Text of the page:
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The concept of sustainability has emerged as an aspiration for the direction of society that evolved from the conclusions of the United Nations World Commission on Environment and Development (WCED) in its 1987 landmark report entitled "Our Common Future" (commonly referred to as the Brundtland Report). Achieving sustainability is about finding a better way for humans to live within our support system - the biosphere. Natural systems provide the essentials for our survival - clear air and water, healthy soil, a stable climate - through a massively complex and interconnected web that has evolved over billions of years, making a habitable environment for humans. In order for the human species to survive and maintain a healthy and just society, we must live in ways that do not systematically erode the ecological and social systems upon which we depend.
Sustainability can be scientifically defined as a dynamic state in which global ecological and social systems are not systematically undermined. The Brundtland Report defined sustainable development as that which meets the needs of the present without compromising the ability of future generations to meet their needs. To ensure that the ability of future generations to meet their needs is not compromised, we must ensure that our activities do not systematically undermine ecological and social systems.
Ecological and social systems can be undermined in four basic ways (as originally articulated by The Natural Step): when nature is subject to systematic increases in:
These four Sustainability Principles provide a generic, scientific definition of sustainability, towards which any organization can strive, by systematically eliminating their contributions to violating them. Thus, sustainability is a shared vision of success in which these four principles are not violated, and strategic sustainable development (SSD) is the process of moving towards this vision in systematic and strategic ways on the individual, organizational, community, national and global scales.
To do this, we need an unprecedented shift in the way we think and act. These four principles represent the basic constraints we have been dealt as a global society. While at first this may seem negative, or limiting, it actually provides the basic structure - the rules of the game - within which we have unlimited potential for innovation and creativity. Having an understanding of these principles is like having an understanding of pitch and rhythm in order to make music instead of a jumble of sounds, or understanding the rules of soccer in order to play a fun and competitive game as opposed to merely chasing a ball.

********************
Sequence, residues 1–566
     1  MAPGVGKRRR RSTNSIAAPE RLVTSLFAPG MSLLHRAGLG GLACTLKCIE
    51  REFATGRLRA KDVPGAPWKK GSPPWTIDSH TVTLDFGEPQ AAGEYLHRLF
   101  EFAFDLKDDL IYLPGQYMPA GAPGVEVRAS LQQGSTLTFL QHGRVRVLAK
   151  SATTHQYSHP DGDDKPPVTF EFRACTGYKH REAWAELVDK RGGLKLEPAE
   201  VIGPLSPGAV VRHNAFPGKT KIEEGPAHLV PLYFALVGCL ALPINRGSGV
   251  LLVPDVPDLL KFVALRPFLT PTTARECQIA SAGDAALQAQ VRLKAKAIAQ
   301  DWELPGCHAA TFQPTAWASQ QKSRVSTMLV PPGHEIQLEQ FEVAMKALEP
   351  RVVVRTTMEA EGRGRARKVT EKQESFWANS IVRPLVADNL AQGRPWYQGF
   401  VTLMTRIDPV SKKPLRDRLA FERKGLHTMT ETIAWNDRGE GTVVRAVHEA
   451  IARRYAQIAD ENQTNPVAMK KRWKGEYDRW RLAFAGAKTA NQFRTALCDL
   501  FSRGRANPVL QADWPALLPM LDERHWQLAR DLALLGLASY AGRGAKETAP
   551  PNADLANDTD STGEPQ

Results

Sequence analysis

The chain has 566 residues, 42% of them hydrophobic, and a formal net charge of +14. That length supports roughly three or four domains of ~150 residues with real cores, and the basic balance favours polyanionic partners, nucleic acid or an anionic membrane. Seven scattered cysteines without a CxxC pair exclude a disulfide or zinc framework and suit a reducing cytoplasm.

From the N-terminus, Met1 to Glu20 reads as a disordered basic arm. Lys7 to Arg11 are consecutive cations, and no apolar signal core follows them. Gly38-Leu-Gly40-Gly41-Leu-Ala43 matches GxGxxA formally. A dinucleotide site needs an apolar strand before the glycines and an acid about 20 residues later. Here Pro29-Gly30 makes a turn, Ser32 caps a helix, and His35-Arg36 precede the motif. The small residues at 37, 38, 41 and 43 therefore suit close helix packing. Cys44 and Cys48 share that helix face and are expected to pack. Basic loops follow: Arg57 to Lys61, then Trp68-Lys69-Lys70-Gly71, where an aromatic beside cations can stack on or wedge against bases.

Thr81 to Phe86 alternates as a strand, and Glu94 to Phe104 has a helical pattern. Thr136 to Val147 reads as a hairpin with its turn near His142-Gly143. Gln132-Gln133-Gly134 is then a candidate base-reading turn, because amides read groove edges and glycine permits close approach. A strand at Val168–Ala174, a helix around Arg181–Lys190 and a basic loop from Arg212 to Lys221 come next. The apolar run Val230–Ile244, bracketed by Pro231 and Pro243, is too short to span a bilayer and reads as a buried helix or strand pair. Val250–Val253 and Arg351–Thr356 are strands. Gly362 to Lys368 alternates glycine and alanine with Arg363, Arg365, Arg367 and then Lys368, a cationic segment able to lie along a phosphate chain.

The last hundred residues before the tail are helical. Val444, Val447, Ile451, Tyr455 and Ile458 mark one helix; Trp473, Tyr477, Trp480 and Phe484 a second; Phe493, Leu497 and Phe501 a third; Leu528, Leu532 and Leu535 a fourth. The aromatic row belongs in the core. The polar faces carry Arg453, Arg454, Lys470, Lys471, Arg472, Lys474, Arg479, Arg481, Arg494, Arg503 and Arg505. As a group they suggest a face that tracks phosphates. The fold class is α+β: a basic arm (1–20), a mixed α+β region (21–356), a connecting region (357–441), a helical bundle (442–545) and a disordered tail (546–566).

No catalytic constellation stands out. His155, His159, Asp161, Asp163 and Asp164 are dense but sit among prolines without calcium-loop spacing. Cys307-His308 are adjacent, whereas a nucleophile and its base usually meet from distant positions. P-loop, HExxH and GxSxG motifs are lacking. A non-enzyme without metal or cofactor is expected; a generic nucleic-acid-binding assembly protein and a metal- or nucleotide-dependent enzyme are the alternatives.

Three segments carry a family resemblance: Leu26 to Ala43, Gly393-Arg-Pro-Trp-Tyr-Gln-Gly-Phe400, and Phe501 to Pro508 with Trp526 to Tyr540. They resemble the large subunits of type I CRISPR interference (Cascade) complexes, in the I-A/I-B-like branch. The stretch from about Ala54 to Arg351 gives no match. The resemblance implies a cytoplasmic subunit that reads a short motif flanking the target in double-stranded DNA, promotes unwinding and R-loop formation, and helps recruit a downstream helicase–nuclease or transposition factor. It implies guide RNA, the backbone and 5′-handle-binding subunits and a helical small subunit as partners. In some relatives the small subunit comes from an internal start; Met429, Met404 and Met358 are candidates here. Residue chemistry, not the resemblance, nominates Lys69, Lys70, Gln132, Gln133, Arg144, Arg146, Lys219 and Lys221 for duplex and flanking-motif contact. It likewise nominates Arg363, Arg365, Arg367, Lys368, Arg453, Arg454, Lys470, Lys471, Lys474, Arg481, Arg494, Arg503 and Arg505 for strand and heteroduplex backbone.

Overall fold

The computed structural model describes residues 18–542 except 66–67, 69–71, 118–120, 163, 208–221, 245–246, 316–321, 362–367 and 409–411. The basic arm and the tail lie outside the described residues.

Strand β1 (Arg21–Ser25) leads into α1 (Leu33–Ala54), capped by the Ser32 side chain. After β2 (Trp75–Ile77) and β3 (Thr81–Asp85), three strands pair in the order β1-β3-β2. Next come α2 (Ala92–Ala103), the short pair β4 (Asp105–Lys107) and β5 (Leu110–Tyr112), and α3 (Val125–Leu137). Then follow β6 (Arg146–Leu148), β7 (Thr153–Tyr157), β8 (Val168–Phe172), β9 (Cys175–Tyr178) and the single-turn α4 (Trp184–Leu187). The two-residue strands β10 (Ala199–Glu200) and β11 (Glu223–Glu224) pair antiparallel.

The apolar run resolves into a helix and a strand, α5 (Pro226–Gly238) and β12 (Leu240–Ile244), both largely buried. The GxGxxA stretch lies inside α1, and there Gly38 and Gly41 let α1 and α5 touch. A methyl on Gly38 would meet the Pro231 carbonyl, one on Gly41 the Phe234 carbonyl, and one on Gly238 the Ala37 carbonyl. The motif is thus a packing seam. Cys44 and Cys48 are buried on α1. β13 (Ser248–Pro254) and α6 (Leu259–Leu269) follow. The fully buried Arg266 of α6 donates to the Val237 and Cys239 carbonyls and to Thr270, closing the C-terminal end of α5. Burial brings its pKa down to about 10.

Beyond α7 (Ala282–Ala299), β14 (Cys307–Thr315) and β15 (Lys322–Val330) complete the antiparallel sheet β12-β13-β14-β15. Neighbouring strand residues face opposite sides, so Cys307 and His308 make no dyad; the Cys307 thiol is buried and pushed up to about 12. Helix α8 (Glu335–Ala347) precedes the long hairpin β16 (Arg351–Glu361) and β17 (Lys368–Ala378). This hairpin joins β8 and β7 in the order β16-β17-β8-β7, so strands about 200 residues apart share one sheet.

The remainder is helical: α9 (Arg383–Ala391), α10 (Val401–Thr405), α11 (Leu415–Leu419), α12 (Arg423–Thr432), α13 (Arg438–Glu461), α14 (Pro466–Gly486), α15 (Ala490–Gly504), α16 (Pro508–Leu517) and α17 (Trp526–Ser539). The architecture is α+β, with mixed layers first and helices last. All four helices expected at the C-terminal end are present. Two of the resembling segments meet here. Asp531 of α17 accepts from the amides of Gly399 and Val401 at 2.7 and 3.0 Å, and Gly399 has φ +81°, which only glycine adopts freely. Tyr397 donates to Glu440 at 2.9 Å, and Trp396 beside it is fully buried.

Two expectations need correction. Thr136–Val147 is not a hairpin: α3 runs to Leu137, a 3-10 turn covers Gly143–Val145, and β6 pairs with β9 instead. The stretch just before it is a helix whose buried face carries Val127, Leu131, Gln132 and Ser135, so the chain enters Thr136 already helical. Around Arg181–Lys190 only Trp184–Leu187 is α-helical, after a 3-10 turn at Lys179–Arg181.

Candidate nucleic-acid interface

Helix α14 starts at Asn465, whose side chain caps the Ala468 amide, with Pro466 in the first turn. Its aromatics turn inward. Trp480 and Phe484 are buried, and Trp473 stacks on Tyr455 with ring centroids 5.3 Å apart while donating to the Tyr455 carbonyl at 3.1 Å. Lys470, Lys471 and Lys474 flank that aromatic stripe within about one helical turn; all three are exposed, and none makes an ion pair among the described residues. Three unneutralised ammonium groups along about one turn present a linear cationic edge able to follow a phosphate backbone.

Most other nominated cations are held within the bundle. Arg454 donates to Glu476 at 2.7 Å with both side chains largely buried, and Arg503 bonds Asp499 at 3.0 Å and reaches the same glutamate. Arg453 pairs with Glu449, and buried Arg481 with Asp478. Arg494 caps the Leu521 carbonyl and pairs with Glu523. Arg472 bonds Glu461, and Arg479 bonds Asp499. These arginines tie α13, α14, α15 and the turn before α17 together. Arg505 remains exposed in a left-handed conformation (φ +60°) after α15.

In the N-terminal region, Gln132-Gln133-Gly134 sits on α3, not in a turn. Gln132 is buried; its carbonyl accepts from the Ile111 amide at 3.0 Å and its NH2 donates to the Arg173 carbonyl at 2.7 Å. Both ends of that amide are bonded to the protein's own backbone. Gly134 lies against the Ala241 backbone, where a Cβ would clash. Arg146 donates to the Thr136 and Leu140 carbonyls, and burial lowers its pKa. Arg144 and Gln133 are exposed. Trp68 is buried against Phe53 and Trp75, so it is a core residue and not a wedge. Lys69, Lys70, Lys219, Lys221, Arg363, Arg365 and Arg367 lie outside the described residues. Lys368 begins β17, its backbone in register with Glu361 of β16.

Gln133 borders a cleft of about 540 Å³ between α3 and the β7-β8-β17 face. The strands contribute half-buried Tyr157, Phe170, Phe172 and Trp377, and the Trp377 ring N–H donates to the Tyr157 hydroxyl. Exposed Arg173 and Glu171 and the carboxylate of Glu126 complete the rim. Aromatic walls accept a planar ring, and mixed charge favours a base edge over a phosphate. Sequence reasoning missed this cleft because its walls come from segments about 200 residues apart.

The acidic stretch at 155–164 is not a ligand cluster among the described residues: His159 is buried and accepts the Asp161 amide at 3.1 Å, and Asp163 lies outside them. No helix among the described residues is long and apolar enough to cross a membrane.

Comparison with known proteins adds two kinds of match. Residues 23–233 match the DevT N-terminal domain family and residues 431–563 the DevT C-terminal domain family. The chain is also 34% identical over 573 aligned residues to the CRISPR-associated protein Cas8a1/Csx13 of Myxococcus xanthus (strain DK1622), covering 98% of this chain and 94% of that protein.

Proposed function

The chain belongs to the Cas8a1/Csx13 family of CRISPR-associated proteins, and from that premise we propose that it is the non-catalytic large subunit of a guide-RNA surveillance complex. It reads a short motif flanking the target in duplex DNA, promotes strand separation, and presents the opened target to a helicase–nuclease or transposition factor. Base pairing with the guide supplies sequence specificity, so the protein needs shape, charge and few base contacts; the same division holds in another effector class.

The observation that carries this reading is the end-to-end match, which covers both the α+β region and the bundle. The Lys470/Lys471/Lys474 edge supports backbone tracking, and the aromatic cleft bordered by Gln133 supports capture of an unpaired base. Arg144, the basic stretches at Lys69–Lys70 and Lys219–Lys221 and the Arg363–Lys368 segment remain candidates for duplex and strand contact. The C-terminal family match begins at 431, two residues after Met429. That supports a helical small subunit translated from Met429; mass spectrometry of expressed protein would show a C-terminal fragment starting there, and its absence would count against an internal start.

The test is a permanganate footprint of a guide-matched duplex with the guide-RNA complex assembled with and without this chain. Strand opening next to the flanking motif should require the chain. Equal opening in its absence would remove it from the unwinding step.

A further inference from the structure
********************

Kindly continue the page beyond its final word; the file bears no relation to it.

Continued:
It is also important to be explicit about what we mean by “basic needs.” To define basic needs, we borrow from work originally developed by Manfred Max-Neef, which contends that there are nine basic human needs that are non-hierarchical and constant across time and cultures. They are: subsistence, freedom, protection, affection, participation, understanding, leisure, creativity, and identity. The ways that these needs are satisfied clearly varies over time and in different cultures, but it is important to differentiate between these needs and satisfiers.
For example, food, clothes, and shelter are not needs, they are satisfiers of the need for subsistence. This is not to suggest that in a sustainable society, all of these needs will be satisfied for all people at all times, but rather that people’s capacity to meet these basic needs is not systematically undermined. There are various ways in which people’s capacity to meet their needs can be undermined, generally through abuses of power such as oppression, totalitarianism, exploitation, prejudice, etc.
Sustainability is often evaluated using the 'triple bottom line' for ecological, social, and economic health because economic considerations are such a large and central aspect of social systems, and vital to the continued operation of individual organizations. Too often, we view health, social, economic, security, environmental, and other major societal issues as separate, competing, and hierarchical, when they are really systemic and interdependent. We do not have environmental problems per se, we have negative environmental consequences of the way we have designed our business, social, economic, and political systems. The challenge of addressing these flaws in societal design is unprecedented, daunting, and exciting. It is one that will require the best in all of us.